How Pregnancy Affects Your Sleep Each Trimester
If you’re pregnant, you’ve probably heard the same line of unsolicited advice: “you’ll never sleep well again!” Thanks for that. It’s true that you’ll have some upcoming sleep disturbances with your newborn. To prepare you for that, your pregnant body will throw you some nightly curve balls. From heartburn and nausea to lower back and hip pain, it’s going to be an adjustment getting to your beloved REM sleep. Prepare yourself with what to expect and how to respond without getting frustrated.
Surge of hormones: It’s all about the hormones during these first 13 weeks. By the time you realize you’re pregnant, you’re already four to five weeks in. Most women begin to feel the nauseating side effects between weeks seven to 11. Before that, your body is on overload producing lots and lots of mucus thanks to the surge in estrogen. Your immune system is weakened since your body is directing all of its efforts to these important developmental weeks. You might develop a sinus infection, which can be treated with hot compresses, steamy showers and saline drops. Of course, your sleep becomes affected any time you have head congestion.
Nausea and heartburn: As you progress through the first trimester, the hormones will begin causing you some digestive discomfort. You can expect to wake up in the middle of the night very nauseated. Put some saltines by your bed to quickly nibble down. The weird part about pregnancy nausea is that eating or sucking on a lemon drop seems to make you feel better whereas regular nausea doesn’t allow you to put anything in your stomach. You can expect heartburn to flare up when you try to lie horizontally, so try elevating your head and chest with extra pillows. If you’re over the saltines, click here for more tummy-friendly snack options.
Bathroom trips and insomnia: Hormones can also cause insomnia for you. This seems strange because your body is overworked right now trying to recruit all of your energy for this baby. At the same time, the increase in progesterone makes you feel drowsy all day. Yet, there you are staring at your ceiling at 2 a.m. This doesn’t happen to everyone. Just know that it will eventually fade. Try to spend your time doing breathing exercises (like the 4-7-8 breathing trick) versus turning on a light or scrolling through your phone. Even though your belly hasn’t “popped,” yet, your growing uterus is pushing against your bladder already. You’ll probably need to wake up to use the bathroom once a night. So plug that nightlight in and just get it over with!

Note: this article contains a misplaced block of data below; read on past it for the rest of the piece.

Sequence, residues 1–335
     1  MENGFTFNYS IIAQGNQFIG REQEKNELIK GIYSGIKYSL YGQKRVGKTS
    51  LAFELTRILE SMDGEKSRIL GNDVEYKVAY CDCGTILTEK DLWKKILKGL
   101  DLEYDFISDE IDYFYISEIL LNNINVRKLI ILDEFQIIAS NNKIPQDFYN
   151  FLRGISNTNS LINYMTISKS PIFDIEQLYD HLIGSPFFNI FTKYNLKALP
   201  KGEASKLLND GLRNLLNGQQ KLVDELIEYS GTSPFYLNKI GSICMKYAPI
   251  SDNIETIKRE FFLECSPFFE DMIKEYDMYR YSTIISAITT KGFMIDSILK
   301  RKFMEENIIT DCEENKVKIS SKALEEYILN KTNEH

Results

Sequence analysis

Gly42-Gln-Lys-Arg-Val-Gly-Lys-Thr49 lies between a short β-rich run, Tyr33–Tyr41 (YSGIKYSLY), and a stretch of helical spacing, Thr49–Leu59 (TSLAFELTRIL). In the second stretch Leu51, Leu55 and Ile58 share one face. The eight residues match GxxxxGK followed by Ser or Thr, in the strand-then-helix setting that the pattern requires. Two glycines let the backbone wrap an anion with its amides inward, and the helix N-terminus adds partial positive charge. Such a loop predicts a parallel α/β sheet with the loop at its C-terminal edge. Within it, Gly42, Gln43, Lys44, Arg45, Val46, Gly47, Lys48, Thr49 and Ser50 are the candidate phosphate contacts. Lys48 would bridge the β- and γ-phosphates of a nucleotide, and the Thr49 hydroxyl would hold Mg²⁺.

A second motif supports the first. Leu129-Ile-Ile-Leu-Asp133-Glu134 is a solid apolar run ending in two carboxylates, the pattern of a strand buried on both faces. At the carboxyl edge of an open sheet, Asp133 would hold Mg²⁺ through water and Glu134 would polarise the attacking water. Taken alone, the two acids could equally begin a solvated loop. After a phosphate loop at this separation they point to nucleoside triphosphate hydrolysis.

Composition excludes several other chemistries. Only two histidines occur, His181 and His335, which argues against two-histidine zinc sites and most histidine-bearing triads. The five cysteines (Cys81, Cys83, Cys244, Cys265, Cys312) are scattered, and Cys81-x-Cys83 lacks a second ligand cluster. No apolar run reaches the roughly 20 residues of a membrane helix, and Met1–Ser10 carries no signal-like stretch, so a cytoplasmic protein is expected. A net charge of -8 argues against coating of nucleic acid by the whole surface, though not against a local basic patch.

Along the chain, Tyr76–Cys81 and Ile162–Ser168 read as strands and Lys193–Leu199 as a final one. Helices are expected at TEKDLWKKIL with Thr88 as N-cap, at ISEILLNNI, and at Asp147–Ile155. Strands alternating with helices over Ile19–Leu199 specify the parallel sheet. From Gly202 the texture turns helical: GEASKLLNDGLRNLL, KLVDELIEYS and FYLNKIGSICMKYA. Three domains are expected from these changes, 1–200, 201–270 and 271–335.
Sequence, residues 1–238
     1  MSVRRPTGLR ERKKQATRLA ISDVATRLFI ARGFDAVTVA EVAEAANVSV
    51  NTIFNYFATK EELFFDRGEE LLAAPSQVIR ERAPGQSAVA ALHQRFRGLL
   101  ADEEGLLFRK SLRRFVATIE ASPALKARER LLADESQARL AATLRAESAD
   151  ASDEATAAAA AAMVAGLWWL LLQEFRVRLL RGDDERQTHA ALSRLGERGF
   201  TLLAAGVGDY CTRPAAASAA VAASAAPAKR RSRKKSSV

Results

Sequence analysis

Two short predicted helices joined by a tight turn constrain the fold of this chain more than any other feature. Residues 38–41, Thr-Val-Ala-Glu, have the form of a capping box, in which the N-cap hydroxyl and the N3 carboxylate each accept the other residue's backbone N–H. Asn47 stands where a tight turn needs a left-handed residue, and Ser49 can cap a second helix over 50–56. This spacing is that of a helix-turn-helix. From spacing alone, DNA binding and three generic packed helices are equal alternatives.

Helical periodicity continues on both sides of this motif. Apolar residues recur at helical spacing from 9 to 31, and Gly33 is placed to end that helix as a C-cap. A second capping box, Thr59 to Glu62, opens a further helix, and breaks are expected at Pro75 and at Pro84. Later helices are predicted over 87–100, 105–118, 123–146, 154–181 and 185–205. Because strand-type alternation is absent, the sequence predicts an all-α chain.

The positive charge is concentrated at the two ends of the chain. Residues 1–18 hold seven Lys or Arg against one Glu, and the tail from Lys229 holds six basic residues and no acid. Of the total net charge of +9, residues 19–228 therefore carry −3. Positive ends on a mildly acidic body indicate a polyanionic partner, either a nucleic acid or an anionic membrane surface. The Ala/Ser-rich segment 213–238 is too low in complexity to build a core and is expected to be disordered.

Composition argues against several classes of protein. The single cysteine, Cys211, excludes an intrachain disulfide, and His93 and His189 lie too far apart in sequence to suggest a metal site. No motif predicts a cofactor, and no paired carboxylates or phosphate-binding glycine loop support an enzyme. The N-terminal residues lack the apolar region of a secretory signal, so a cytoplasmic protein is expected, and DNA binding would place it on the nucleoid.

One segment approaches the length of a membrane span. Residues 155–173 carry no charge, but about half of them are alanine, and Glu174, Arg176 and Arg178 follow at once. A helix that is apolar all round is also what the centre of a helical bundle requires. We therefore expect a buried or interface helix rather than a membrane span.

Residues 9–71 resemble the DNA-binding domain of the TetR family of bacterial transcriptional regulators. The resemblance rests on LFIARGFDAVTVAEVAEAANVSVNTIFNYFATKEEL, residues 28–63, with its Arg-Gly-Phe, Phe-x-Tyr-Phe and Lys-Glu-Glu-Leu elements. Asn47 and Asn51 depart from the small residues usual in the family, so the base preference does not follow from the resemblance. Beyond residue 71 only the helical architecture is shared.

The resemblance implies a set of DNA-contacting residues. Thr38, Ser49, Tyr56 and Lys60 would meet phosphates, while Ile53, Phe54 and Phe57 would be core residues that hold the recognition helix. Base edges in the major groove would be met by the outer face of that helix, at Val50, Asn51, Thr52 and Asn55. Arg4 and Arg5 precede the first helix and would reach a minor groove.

Cruise control: This trimester is usually pretty disturbance-free when it comes to sleep. The hormones have settled, you’re feeling better and you’re starting to sleep more on your side. Go ahead and experiment with some pregnancy or body pillows to find a comfortable sleeping position. As your hips begin to widen to carry your growing belly and prepare for birth, you’ll want to have some sort of support between the knees when you’re on your side.
Cramping up: Even though you might be sleeping a lot better, some women experience leg cramps or restless leg syndrome during this time. If that’s the case, make sure you’re getting enough exercise during the day, especially if you’re sitting at a desk. Taking regular walks is very helpful. Stretch your legs well, get massages and take hot baths to reduce the effects. Find out how exercise can do more than prevent leg cramps during pregnancy.
Nightmares: If you haven’t experienced strange dreams yet, expect some super wacky ones. Chalk it up to hormones again. But if the dreams are really intrusive and dark, talk to your OB-GYN about it. Dreaming about labor and delivery is quite common, and some experts say it’s your mind’s way of practicing for the real thing.
Left is best: You’ve been sleeping on your sides now for a few months, but did you know the left side is the better side? The way your circulatory system is set up, having the weight on your left side will release most of the pressure on your inferior vena cava (the big vein that brings blood back to your heart after it cycles through your lower body).
Hip and back pain: If you don’t have a barrier of pillows surrounding you by now, you might want to build on that. Some women suffer from sciatica, which happens when the sciatic nerve becomes compressed. Even though “left is best,” you can still rotate to the right side if your left side is too painful. Make sure to have plenty of back support while you sleep. During the day, try to get off your feet whenever you can, use a warm compress, practice some kegels and hip tilts and jump into a pool to take the pressure off. Ask your OB-GYN for a reference to a chiropractor as well.